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Innovation

Home Field: The University of Utah’s Athletic Department Gets A Gold Star

Utah Stadium News

Over the past decade, athletics and sustainability have been linked at the University of Utah. It was in 2011 that Utah joined the prestigious Pac-12 Athletic Conference. That year, Utah also joined the Pac-12 schools’ environmentally-focused trade organization, the Green Sports Alliance.  

In 2011, the University also brought home a Bronze distinction from the Sustainability Tracking Assessment & Rating System (STARS) of the Association for the Advancement of Sustainability in Higher Education.

This rating motivated the University of Utah into ramping up its environmental efforts. Nearly a decade later it has earned a Gold STARS score, with the Athletic Department playing a big role in this advancement. 

During the 2011 season, the Recycle Rice-Eccles program at Utah’s football stadium grew from about a dozen to 300 student volunteers. Among those spearheading this change was student volunteer Seth Crossley, who explained that “volunteers would be the best way to bring awareness to recycling.” Green t-shirts and free game admission helped to attract more student volunteers while giveaways and drawings helped to attract fans’ interest by making recycling fun. As a group, they managed to amass more than 35 tons of recycled materials that football season with a nearly 25% rate of diversion from landfills. 

Photo Courtesy Utah Stadium News

Another student-spurred innovation was using bikes to collect recyclables around the tailgate lots at football games, which also helped raise awareness about sustainability. Initially, three bikes were deployed – but the number has doubled over the years with RecycBike Brigade. The cargo bikes gather up aluminum, plastic, and glass for recycling. Members of Utah’s track team and its championship ski team volunteered in 2019 for the Brigade, and fans enjoyed getting to meet these athletes, which in turn, helped to engage people in the recycling process.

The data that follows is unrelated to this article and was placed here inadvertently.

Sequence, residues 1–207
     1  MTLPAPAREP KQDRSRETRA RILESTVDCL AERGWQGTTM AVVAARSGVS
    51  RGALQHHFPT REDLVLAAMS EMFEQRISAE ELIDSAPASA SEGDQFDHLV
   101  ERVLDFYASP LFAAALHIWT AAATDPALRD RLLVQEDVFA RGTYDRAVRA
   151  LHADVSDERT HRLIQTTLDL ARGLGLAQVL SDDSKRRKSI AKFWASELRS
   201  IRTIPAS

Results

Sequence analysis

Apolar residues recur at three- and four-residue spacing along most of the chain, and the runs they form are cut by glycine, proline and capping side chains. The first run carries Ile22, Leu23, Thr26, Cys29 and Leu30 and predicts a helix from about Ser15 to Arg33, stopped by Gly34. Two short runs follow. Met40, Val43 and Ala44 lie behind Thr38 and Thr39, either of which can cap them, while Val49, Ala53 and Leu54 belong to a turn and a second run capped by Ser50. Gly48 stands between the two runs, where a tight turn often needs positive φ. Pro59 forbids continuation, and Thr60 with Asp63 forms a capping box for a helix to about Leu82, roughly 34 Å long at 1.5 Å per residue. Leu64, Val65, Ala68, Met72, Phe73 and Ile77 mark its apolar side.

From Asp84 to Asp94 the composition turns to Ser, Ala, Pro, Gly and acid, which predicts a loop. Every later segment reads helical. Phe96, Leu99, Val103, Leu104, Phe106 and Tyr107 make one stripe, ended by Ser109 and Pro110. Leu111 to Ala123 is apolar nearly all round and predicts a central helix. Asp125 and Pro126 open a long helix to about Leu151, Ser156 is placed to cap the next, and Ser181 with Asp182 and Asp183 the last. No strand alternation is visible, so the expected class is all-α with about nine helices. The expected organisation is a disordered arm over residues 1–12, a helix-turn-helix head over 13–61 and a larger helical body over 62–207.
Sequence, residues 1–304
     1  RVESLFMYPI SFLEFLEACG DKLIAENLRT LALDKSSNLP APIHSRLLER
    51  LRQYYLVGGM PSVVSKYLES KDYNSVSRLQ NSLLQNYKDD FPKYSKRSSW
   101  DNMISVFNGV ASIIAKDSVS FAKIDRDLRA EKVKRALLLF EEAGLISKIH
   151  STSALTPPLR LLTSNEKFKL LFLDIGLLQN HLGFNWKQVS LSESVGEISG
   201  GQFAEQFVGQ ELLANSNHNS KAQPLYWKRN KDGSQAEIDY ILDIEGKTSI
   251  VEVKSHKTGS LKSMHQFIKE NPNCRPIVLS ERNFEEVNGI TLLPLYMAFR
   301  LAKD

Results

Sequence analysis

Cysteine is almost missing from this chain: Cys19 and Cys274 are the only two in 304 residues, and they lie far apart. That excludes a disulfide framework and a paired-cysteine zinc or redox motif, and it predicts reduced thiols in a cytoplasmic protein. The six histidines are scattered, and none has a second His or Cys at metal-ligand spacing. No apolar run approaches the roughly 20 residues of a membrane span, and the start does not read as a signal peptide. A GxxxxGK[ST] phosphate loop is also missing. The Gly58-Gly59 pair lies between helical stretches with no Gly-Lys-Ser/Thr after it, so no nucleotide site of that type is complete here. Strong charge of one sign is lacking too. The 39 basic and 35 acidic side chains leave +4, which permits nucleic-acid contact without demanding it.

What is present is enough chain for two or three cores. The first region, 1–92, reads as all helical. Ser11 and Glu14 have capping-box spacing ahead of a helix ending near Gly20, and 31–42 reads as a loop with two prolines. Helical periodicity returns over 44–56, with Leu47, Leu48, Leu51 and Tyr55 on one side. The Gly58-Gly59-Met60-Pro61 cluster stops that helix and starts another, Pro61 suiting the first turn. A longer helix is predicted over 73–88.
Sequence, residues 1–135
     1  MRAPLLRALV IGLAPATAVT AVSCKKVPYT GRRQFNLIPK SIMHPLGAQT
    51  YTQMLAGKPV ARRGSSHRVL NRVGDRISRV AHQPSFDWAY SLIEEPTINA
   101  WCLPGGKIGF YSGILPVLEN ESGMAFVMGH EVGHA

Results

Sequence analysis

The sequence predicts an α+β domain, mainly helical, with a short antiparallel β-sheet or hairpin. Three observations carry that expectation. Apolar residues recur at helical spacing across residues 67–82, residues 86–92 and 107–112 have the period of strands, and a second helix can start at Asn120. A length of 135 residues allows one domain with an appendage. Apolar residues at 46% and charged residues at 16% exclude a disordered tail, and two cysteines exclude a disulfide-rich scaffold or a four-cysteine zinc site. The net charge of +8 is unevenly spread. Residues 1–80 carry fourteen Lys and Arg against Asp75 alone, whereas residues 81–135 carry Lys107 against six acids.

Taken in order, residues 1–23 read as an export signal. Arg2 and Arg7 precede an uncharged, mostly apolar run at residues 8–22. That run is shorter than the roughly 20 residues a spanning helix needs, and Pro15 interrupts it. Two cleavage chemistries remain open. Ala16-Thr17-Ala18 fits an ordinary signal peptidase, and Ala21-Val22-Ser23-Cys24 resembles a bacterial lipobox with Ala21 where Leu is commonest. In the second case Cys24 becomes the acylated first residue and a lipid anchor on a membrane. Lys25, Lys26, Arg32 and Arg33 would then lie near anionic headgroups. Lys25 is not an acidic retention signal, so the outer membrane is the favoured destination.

Football games are a prime focus for tackling recycling because football, along with men’s basketball and gymnastics, are the events at Utah that create the most waste.

The Pac-12 launched its Zero Waste Challenge games in football and basketball in 2012 as a way to raise conservation awareness and spark action to help conserve water and reduce pollution and waste.

Utah won the Fan Engagement Award for the 2017 Challenge. For this year’s Zero Waste Football Game Challenge, Utah fans were urged to bring their own empty water bottles as a way to cut down on plastic use and water waste. 

Through the University’s partnership with the Utah Transit Authority (UTA), fans can use their game tickets to get a free UTA ride to sporting events on campus. It’s estimated 140,000 fans each year choose to use this public transportation option instead of driving their cars. This season, Utah also instituted a paperless ticket system for football games, and other events, which decreases paper use and waste. 

Sustainable changes are also in progress with the buildings and infrastructure of the Athletic Department. As part of the Green Sports Alliance, the Utah Athletics Department is dedicated to following energy-efficient and sustainable practices for its new buildings. This commitment is highlighted in the Jon M. and Karen Huntsman Basketball Facility, which opened in 2017.  It’s the first Utah athletic building to be awarded a LEED Gold Certification.

Photo Courtesy Utah Stadium News

The facility, according to project designer Jeremy Krug, “was designed to integrate the University’s mission of sustainability as a core principle.” The structure is composed of nearly 25% recycled materials and over 10% of the materials came from within 500 miles of the university, which cuts down on transportation-created pollution.

Builders also were able to divert almost 85% of on-site construction waste from landfills. The stormwater management system was designed to decrease water runoff caused by major rainstorms. Lighter materials were used on the roof, which also holds a terrace and garden. These choices act to lower the urban heat island effect as well as decrease sun reflection, which can harm surrounding wildlife habitats.

All of the interior and exterior light fixtures are LEDs, and the exterior fixtures are positioned to minimize light pollution, increase nighttime visibility, and lessen the impact on surrounding environments. This type of lighting saves nearly 150,000 kWh annually, and Utah Athletics has achieved more energy savings by installing LED lighting in the tennis center, the soccer field, the gymnastics center, and other facilities. Additionally, the Huntsman’s windows, insulation, and HVAC systems further reduce energy waste. 

The just-completed renovations for Rice-Eccles Stadium were done to meet LEED Silver standards, and help the university reach its carbon-neutral goals by 2050. The upgrades 

include a hot water heating system and a well-water cooled heat pump chiller.

The Eccles Football Center, which opened several years ago, already received a Silver LEED. Hosting a sports medicine complex, conditioning center, and practice fields, the building features energy-efficient windows and insulation, along with a superior air quality filtering system.  

“We are thrilled that Athletics shares our vision to create a more sustainable campus,” said Utah’s recently-retired Deputy Chief Sustainability Officer Myron Willson. “They understand that our environments not only impact the ecosystems around us, but also the health and wellness of the student-athletes and staff that occupy the facility every day.”

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